In addition, we demonstrate that eye development requires a functional Ptdsr gene. Ptdsr-deficient embryos can be roughly divided into two categories. The first, severely affected group develops anophthalmia that correlates with formation of ectopic retinal-pigmented epithelium and induction of proliferation of underlying mesenchyme in the nasal cavity. This phenotype represents a completely novel lesion that to our knowledge has not been described before in any other mouse mutant. The second group shows normal external eye structures, although in this case retinal development is temporally delayed during mid-gestation, with persistent, abnormal morphogenesis of the inner granular retinal layer at later stages of embryogenesis. A possible explanation for these two phenotypes can be found in the expression pattern of the Ptdsr gene. Initially, Ptdsr is expressed throughout the whole developing nervous system, with exceptionally high levels in the anterior part of the forebrain. Later expression becomes more restricted to the developing retina and lens. Thus, Ptdsr might play an important role in early events of ocular morphogenesis, such as establishment and bisection of eye fields and formation of optic cups. These early eye-formation steps are closely interconnected with development of the forebrain [37, 38] and the nose [39–41].
Interestingly, we occasionally observed serious malformations of forebrain and nasal structures in Ptdsr-knockout embryos that were associated with bilateral anophthalmia (see for example the mutant embryo in Figure 1g). This suggests that Ptdsr is involved in the regulation of differentiation processes within forebrain regions, and that ablation of Ptdsr function might secondarily affect early eye formation. Li et al.  found smaller lenses in Ptdsr-knockout mice and described the formation of retinal protrusions, although anophthalmia and specific differentiation defects of retinal cell layers were not reported in their study. Li et al. proposed  that the eye phenotype they observed could be explained by failed removal of apoptotic cells during eye development, but we think that the observed defects are unrelated to a failure of apoptotic cell clearance. A recent comprehensive kinetic analysis of apoptosis induction during mouse retinal development described four major peaks of apoptotic cell death . This study demonstrated that there is an initial phase of cell death during the invagination of the optic cup (E10.5), followed by subsequent waves of apoptosis induction immediately before and after birth (E18.5 to postnatal day P2), and from postnatal days P9 to P10 and P14 to P16 . Thus, besides the formation of the inner and outer layers of the optic cup in early eye development, other major phases of retinal cell apoptosis take place only postnatally and correspond to important periods in the establishment of neuronal connections. Furthermore, cell death during normal retinal development occurs in retinal layers distinct from the inner granular layer where we observed the most pronounced differentiation defects in the Ptdsr -/- mutants described here. Other studies that connect the postnatal elimination of apoptotic photoreceptor cells to Ptdsr-mediated macrophage engulfment  should be interpreted with extreme caution as these studies were based on the monoclonal anti-Ptdsr antibody mAb 217G8E9 [26, 43] (see below).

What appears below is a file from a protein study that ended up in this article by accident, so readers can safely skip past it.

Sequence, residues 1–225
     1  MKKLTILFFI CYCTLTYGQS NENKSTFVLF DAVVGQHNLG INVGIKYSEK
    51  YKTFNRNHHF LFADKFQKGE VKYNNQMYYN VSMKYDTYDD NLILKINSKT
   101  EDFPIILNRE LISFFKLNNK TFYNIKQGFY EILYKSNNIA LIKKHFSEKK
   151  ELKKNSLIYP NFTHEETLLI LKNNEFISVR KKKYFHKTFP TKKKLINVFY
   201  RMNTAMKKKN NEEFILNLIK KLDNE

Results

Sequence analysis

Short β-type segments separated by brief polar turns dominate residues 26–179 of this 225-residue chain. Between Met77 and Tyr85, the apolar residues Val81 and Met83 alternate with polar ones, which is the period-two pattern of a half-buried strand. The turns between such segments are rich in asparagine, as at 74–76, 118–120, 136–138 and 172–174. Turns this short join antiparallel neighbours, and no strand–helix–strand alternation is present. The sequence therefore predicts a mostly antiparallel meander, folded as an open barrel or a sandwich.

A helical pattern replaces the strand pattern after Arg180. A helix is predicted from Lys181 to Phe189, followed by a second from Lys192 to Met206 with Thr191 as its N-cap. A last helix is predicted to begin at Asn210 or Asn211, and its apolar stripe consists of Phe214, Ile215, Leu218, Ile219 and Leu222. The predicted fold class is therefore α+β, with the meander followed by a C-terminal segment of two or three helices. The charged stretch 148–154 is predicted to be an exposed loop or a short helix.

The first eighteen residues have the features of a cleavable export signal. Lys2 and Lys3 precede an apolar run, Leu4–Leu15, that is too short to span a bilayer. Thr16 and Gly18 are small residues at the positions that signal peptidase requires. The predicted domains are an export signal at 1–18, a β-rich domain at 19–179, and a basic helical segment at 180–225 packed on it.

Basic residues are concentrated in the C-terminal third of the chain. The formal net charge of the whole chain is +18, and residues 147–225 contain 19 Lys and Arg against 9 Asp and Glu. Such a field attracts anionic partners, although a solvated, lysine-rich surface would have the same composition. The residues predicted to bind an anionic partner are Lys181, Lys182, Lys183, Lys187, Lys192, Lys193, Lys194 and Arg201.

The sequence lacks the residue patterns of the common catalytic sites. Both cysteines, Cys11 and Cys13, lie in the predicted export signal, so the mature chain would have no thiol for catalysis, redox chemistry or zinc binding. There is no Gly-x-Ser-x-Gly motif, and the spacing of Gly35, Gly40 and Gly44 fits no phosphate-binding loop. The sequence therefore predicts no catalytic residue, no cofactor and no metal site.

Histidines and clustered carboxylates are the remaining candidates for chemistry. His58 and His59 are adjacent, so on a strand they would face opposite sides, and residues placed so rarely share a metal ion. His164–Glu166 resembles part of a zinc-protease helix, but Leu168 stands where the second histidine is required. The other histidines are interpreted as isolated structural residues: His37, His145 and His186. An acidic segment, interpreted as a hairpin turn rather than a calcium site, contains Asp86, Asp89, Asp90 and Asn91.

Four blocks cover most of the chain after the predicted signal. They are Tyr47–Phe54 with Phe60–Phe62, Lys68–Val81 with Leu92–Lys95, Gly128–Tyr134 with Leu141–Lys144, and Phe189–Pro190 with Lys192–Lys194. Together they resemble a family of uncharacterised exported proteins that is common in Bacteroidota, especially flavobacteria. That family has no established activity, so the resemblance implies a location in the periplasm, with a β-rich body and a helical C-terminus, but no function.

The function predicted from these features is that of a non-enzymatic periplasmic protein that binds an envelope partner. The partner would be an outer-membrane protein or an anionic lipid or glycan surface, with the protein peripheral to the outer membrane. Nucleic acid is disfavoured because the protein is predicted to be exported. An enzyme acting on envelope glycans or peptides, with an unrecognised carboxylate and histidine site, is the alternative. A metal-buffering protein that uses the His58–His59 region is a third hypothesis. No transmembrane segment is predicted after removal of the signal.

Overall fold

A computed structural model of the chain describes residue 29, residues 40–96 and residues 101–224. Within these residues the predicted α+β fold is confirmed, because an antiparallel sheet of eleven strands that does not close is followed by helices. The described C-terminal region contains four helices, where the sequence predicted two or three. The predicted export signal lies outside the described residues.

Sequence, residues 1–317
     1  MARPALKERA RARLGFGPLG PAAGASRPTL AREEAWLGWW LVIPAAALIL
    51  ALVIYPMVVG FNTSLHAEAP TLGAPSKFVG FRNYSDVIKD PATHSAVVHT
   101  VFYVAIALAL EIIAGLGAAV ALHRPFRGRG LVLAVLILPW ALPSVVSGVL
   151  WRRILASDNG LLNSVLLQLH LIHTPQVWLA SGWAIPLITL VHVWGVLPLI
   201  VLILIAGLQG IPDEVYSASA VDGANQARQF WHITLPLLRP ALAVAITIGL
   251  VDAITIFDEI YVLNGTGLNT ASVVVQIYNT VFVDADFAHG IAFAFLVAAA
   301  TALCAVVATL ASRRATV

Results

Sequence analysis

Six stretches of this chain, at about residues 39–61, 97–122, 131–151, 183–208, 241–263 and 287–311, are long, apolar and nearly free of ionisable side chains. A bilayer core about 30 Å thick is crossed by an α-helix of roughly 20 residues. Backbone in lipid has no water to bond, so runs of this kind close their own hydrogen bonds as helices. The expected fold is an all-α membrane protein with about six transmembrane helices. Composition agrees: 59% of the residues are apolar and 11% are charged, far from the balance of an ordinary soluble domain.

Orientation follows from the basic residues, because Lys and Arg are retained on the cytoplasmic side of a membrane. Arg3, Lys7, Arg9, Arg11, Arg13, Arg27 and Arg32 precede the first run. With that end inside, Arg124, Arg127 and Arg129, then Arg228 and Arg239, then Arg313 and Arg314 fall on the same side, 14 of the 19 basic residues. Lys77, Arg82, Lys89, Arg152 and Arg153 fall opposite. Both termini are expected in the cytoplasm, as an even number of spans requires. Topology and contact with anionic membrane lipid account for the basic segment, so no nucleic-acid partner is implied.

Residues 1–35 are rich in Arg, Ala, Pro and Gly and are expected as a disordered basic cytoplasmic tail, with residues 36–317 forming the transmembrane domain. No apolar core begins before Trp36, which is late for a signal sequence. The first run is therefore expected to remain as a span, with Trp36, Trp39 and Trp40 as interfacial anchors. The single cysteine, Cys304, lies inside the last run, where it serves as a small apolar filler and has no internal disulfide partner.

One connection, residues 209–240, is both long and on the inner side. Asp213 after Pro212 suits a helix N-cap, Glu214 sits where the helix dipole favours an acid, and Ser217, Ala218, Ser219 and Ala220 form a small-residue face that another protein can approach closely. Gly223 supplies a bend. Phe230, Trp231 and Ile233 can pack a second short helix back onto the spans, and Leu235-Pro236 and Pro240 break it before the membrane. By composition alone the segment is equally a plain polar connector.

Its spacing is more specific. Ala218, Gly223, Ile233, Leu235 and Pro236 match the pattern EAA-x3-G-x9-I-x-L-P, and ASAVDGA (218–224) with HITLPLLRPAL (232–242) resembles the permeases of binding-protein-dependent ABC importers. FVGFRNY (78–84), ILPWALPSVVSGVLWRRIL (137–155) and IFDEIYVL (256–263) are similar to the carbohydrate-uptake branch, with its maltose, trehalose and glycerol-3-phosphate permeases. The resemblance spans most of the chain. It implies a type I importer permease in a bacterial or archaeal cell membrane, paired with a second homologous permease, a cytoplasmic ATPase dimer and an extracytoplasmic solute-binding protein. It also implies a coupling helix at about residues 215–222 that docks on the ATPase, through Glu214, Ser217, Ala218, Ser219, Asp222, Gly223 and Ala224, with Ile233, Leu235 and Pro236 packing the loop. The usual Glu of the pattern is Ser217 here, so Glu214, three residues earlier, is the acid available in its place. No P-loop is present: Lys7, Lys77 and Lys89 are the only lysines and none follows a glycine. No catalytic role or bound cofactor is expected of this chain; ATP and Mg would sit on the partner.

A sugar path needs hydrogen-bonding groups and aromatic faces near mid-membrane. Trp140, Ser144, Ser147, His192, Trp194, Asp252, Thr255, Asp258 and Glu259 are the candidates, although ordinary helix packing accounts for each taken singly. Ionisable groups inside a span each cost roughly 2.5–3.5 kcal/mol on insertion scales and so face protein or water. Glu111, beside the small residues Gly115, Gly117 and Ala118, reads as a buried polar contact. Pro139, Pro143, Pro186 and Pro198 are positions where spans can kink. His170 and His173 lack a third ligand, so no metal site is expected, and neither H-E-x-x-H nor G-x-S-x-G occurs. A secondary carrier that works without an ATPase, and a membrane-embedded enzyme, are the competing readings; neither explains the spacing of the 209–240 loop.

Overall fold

Consistent with the results of Li et al. , we found particular brain malformations in our Ptdsr -/- mice. Exencephaly and hyperplastic brain phenotypes were observed at a low penetrance in Ptdsr-mutant mice (less then 4.5% of homozygotes), but these do not resemble to any extent the brain-overgrowth phenotypes of caspase- or Apaf1-knockout mice (, and references therein) in that we failed to identify any differences in the number or distribution of apoptotic cells or pyknotic cell clusters in the neuroepithelium of Ptdsr -/- and Ptdsr+/+ mice. Thus, reduced cell death or diminished clearance of apoptotic neural progenitor cells is unlikely to be the cause of the brain hyperplasia.
In summary, our studies demonstrate that Ptdsr is required for normal tissue differentiation, especially during the mid-gestation period when we observed the most severe differentiation delays in several organs of Ptdsr-knockout mice. The multiple defects in tissue differentiation cannot be explained by failure of apoptotic cell clearance, as this process is normal in our Ptdsr-knockout line. This result therefore indicates that Ptdsr has a novel, hitherto unexpected, role in promoting tissue maturation and terminal differentiation. Additional studies with conditionally targeted Ptdsr-deficient mice are required to investigate the role of spatial and temporal Ptdsr expression and function during tissue differentiation.